Maybe I Shouldn’t Have Killed Santa

2006 was a bad year for fairy creatures in my home. Our son had reached an age were the question was raised; should we tell him the truth about Santa? He was still filled with that child wonderment that makes all things possible. In his little world the fuzzy bunnies give out hard-boiled eggs as a treat and fairies collected teeth.623060323_289f461fc6_m.jpg

It was so easy to feed into this fantasy and my wife and I poured it on. We read “Night before Christmas” together, we took him to all the Christmas movies and listened to mind-numbing amounts of Christmas carols. My son and I have a fondness for “Grand Mom got ran over by a Reindeer.”

The decision to come clean was made earlier that year. Earlier we though it a great ideal to give him a Christmas Bell, much like one we had seen in a movie. We told him that if you really believe in Santa, you can hear the bell ring. We watched his eyes grow big with delight as he rung the bell again and again, yelling “I can hear it!” The naughty guy, played by me, faked it and loudly proclaimed, “I can’t hear a thing, this bell must be broken.” “That’s because you don’t really believe in Santa Dad”, my son told me solemnly. Little did we know, but that bell chimes tolled to end of Santa.

So delighted and proud was our son of his Christmas Bell, that he decided to take it to school for show and tell. Uh oh. What to do? We couldn’t let him take it to school, the kids would make so much fun of him that he might need years of therapy to recover. But, how could we tell him not to take one of his most prized toys to show and tell? We couldn’t resolve the issue, so we just packed him off to school with his bell in tow and waited. My wife wanted to buy him some “comfort food or stuff” and have it ready when he returned home. She was sure the school yard bullies would have him in tears. However, to our delight, our son returned home with a smile on his face.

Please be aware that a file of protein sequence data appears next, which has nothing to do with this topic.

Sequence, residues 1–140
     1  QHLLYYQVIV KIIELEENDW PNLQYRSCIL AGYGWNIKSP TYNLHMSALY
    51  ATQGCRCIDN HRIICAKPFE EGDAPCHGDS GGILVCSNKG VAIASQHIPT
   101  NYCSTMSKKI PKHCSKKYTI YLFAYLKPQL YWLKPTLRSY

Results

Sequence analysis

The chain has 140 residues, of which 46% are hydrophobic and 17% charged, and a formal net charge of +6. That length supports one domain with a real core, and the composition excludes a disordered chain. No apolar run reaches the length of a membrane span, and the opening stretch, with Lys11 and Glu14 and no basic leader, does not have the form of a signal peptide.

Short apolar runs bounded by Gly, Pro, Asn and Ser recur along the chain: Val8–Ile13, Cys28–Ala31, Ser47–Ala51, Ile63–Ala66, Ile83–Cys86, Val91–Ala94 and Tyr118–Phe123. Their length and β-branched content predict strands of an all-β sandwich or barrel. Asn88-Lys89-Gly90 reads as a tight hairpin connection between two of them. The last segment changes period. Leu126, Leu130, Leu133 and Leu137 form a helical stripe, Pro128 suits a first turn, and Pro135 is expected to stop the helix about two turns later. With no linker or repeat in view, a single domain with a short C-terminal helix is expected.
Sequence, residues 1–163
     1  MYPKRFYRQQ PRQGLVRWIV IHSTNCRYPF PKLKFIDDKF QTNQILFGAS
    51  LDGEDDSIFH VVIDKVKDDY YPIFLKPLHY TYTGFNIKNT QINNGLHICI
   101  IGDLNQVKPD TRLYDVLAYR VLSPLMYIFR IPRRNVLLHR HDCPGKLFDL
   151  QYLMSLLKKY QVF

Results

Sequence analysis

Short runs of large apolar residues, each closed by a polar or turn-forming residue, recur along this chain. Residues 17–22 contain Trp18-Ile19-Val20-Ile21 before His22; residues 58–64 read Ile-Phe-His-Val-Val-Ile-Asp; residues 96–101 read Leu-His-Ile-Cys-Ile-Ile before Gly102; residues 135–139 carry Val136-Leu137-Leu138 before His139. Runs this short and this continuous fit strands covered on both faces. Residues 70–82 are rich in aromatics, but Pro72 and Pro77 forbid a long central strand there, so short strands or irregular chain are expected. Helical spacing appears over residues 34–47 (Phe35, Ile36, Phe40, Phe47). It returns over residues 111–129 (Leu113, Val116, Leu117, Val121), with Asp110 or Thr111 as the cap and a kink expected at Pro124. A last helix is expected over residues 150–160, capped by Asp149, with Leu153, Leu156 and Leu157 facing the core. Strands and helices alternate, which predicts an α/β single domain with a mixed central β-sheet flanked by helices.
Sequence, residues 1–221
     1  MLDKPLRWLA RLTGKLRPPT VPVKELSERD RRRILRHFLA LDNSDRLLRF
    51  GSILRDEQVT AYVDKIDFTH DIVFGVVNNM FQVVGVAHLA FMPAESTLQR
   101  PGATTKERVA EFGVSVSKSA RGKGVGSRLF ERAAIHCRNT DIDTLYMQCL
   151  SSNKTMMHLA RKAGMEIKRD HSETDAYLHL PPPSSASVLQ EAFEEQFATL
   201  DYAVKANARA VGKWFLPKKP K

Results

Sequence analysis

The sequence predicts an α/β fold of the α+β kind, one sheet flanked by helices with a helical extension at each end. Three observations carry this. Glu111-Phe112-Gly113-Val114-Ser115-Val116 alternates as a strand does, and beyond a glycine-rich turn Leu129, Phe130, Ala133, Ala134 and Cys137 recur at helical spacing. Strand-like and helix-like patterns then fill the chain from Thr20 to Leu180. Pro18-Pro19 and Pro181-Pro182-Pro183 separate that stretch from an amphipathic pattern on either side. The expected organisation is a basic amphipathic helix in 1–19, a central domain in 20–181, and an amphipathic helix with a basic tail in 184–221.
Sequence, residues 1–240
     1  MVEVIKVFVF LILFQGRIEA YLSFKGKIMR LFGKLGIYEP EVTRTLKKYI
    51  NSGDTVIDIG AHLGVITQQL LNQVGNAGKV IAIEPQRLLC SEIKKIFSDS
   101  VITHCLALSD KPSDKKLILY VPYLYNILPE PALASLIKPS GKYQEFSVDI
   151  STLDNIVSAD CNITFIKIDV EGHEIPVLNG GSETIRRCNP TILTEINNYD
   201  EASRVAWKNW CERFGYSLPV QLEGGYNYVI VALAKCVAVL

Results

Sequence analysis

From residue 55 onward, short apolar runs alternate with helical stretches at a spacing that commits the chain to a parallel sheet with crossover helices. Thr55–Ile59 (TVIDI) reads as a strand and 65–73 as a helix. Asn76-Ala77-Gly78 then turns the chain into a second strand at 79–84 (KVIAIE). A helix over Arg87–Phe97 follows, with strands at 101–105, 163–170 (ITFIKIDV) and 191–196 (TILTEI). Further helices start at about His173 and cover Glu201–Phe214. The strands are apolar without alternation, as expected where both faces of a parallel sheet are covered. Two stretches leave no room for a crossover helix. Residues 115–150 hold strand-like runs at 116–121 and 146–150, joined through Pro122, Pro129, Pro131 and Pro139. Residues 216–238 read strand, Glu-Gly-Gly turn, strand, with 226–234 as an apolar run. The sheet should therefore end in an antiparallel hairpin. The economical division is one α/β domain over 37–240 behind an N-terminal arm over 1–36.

We asked him, “how did your show and tell go?” He said well and that the kids really liked his Christmas Bell. Um? He went on to describe how he told them if you really believe in Santa, you will be able to hear the bell. Almost everyone said they heard the bell. Those that said they didn’t believe in Santa also stated that they didn’t hear the bell because Santa wasn’t real. They say everyone that still believed in Santa were being babies and silly. Ah, but the yeas had the majority and the nay-sayers were quickly shouted down. That Bell had almost cause a classroom revolt!

Still beaming from his moral victory and basting in the purity of child innocents, our son shined with prided. We had to tell him. We both knew that his argument wouldn’t hold up long under continued taunts for the bigger kids at school and we were only kicking the can down the road by not telling him. OK, breve in and out and steady yourself, I told myself. Son, we have to tell you something.

Santa was a real person. His real name was Saint Nicholas and he was a very kind man. In fact, you and him have something in common because like mommy, Saint Nicholas was from Turkey (he was the bishop of Myra in Lycia, a province of the Byzantine Anatolia, now in Turkey). He loved helping people and enjoyed giving gifts to the poor. The Santa you see on TV and the one that we all talk about is based on him. That Santa isn’t really real. We looked for a change in his face or some sign that he was taking this all in. Well, he said nothing but did seem to be comprehending what was being said to him. Seeing an opening, we made a split decision to really get the job done. Why stop at Santa? Now that we had started on this dark path, why not take out a few more fairy creatures. Next, Peter Cottontail was mowed down on the bunny trail with truth. Come on, why would a bunny rabbit be handing out boiled and chocolate eggs? Finally, the one I have a personal vendetta against, the legend of the “Tooth Fairy” was shot down in a blaze of facts. Besides being cheat ( a buck a tooth), he never said thank you or what he was going to do with all those teeth (note to self, ask wife what she is doing with all those baby teeth?).

There, it was done. Our son stood silent for a little while longer and finally said, “so you guys lied to me all these years?” Well not exactly, all parents tell these things to kids, it’s more like a white lie, one that isn’t meant to hurt and Santa really was a person anyway. He thought it over a moment longer and kinda nodded with agreement. But something in his eyes troubled me and I would find out next year exactly what that was.

Fast forward to this year. Our son comes to me one day and hands me a computer generated Christmas wish list. Since he now knows that Santa isn’t real, he goes straight to the money source with his request. Now instead of me being able to pawn his list off on Santa and say “that’s a mighty long list, let’s just see what Santa brings”, I found myself entering into Wish list negotiations with a 8 year old! Crap, Santa’s revenge stings.


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